Shiny, happy people. In fact, the shiniest and happiest the all-star consultants can superimpose on our aspirations.

Shiny, happy people. In fact, the shiniest and happiest the all-star consultants can superimpose on our aspirations.

You're looking at $50 million proposal to improve Minneapolis' Nicollet Mall. As it stands today, it's one of the nation's best pedestrian malls. That's why it struck me as odd that the Minneapolis Downtown Council and the City of Minneapolis were looking to completely renovate it.

Anyone who has read Jeff Speck's Walkable City will quickly notice that the biggest impediment to improving Nicollet Mall is not the aesthetic of the street, but the buildings themselves and their poor frontages. This fact is apparently lost among the decision-makers whose Board of Directors is a self-selected group of downtown building owners, property managers, and corporate stakeholders.

The irony of their push for a publicly-subsidized Nicollet Mall redesign is that the single biggest problem with the street are the buildings themselves. Those advocating for urban improvements are precisely the ones who are creating the problems. And not surprisingly, no one besides the decision-makers seems to even consider this a project worthy of limited funding.

It would appear only a handful of people want this redesign, but it just so happens those handful of people are the one's with enough political connections to get the City to subsidize their want. We are witnessing the continuation of a failed top-down, 'Power Broker' system:

  • Strategic political pressure is put on elected officials by influential insiders.
  • The city starts the process by hiring the best outside ‘star’ consultant to tell us the things we likely already know.
  • Consultant drafts renderings with the best design software money can buy that includes the finest superimposed human silhouettes unpaid interns can draft.
  • Minimum public engagement requirements are hit by having people fill out online surveys while business and political insiders, not the countless thousands of daily users or small business owners, continue drive the bureaucratic process forward.

Where projects are funding from State and Federal sources, local input is limited to ensure the process goes as quickly as possible. Local political leaders go along with the process, despite it’s flaws, because it isn’t local money. It is something for nothing and, at that price, something is better than nothing.

In the planning profession, we spend a lot of time talking about the virtues of Jane Jacobs’ works but pay her little respect in practice. Our planning projects, and the leadership that supports them, still hold to modernist planning practices that have been long criticized. Our leadership, despite good intentions, continues to develop projects that accommodate those who do not live in the city all while paying lip-service to public input, diversity, and the little slices of chaos that make places great.

It begs the question: Are we still in the era of top-down modernist planning?

I think the answer is “sort of”. We have made improvements, learned from our mistakes, and we certainly aren’t tearing down entire neighborhoods for freeways. Yet, in many ways the same general mentality still holds true.

We think we’re doing the right thing. We create neighborhood groups and then gave them limited power. We let them create their neighborhood plan, then we immediately ignore it. In the end, lobbying their local City Council member might be their most powerful tool. We’re better than we once were, but that’s not saying a lot.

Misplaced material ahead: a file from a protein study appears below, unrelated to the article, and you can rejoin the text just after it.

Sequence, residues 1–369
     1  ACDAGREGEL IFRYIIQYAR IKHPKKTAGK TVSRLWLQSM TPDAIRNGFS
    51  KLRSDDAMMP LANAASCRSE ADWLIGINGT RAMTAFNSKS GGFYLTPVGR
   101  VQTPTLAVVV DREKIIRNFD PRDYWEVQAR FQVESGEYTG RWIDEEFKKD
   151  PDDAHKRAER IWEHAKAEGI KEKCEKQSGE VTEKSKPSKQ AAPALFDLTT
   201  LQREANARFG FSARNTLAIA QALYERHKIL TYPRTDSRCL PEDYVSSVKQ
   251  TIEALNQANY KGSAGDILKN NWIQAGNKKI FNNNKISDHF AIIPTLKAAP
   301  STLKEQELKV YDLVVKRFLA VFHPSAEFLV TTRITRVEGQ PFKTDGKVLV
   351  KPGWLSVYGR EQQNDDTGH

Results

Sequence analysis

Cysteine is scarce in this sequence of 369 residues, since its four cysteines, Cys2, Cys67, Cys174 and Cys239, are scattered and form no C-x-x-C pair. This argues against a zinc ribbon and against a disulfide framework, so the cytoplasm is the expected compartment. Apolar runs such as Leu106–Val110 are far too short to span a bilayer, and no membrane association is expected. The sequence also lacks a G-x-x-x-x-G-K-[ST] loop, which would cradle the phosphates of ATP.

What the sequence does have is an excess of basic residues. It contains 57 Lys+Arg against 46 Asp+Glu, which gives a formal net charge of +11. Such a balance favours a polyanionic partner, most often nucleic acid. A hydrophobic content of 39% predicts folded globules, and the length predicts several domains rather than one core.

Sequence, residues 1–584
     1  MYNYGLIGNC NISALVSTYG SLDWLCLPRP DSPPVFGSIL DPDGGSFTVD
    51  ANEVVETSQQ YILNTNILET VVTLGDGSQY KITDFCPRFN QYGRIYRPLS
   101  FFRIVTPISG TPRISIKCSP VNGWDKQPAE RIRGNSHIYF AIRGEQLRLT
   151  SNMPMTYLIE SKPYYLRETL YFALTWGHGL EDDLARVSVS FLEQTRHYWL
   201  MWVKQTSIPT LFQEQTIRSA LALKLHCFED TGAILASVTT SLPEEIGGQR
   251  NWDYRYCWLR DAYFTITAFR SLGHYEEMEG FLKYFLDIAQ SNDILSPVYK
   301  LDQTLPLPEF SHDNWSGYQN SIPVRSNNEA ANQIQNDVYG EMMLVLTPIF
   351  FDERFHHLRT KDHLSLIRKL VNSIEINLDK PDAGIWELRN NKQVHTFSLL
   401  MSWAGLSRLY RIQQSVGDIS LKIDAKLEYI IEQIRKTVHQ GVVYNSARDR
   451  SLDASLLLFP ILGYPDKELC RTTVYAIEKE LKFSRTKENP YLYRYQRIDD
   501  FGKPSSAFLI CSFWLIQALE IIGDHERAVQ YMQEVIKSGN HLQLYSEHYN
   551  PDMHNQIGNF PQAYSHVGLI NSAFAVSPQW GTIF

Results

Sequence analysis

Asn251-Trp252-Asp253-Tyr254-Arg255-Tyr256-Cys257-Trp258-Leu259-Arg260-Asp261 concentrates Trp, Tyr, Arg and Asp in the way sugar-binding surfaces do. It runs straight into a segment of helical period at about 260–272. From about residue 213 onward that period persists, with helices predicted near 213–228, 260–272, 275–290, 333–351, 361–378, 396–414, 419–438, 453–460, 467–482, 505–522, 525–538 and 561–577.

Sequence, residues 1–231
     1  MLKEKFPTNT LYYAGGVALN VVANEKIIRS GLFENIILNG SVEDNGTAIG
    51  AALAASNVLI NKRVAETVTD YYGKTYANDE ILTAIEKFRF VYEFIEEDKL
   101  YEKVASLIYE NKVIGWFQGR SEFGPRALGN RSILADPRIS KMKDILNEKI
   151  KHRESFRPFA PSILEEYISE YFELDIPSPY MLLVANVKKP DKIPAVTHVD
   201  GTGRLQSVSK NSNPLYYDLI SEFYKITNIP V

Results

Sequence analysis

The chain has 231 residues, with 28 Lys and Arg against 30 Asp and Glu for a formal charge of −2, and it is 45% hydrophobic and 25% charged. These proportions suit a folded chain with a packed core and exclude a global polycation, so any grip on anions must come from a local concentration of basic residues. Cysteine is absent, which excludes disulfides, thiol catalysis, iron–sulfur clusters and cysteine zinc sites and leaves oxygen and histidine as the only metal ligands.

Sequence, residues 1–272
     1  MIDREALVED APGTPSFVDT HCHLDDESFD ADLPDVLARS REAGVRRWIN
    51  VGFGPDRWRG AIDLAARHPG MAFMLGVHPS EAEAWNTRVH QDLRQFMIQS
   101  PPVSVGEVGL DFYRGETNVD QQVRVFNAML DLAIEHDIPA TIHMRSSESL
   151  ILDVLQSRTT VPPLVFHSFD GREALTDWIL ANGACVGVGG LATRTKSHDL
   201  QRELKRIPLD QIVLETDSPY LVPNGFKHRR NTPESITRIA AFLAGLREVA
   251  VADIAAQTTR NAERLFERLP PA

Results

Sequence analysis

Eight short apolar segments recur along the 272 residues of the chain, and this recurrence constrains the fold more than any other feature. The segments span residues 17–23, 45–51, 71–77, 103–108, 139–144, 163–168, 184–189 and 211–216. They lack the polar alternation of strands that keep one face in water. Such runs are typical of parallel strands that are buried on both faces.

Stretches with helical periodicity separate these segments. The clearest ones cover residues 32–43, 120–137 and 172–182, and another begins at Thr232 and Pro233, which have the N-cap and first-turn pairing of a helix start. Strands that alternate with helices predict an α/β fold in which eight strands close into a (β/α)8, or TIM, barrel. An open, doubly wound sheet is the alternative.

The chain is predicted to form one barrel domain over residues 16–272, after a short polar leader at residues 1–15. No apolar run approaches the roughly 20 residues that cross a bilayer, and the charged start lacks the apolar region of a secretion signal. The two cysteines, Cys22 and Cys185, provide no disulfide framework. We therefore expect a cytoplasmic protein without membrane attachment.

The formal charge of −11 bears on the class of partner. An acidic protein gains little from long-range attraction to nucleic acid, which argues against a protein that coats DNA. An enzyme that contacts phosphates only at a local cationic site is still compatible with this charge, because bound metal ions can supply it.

The big-budget process of creating most places are little different than the works of Robert Moses.

The big-budget process of creating most places are little different than the works of Robert Moses. And, as we historically seen, these top-down approaches tend to give us sterile places. For example, the new Nicollet Mall renderings more closely resemble the Mall of America than that of a real city street. It is not the beautiful chaos nor the street ballet urban-dwelling humans crave. It'll be $50 million spent and it'll have a little return on investment because it doesn't solve the real problem of the street.

There is certainly a brick that needs to be fixed here and there. Add some climate-appropriate trees. The sidewalk heating system might need some updates and some fountains re-tooled. The Mall was reconstructed in 1991. At the time, a sidewalk heating system was installed – and it’s not worked since. And guess what? It doesn’t matter – the Mall still works because snow shovels still work (and they are much cheaper).

Instead of spending $50 million, we can take a page out of the Project for Public Space's handbook. The main problem is that the buildings need to do a better job of addressing this pedestrian elements of the Mall. It needs more cafes, more food trucks, and more informal activity that integrates with building programming. If anything, Nicollet Mall needs more small storefronts, more diversity, and a little more chaos. It’s as simple as that. It adds to the diversity of the environment and gives people something to enjoy. Large monolithic towers may look good from afar, but often do little for the street.

These nuances are lost when the top-down approach invades our planning. It's expensive and gives us a low return on investment. It's the type of system that would spend $50 million without realizing that they were trying to solve the wrong problem.

Bring some Strong Towns to your social spaces.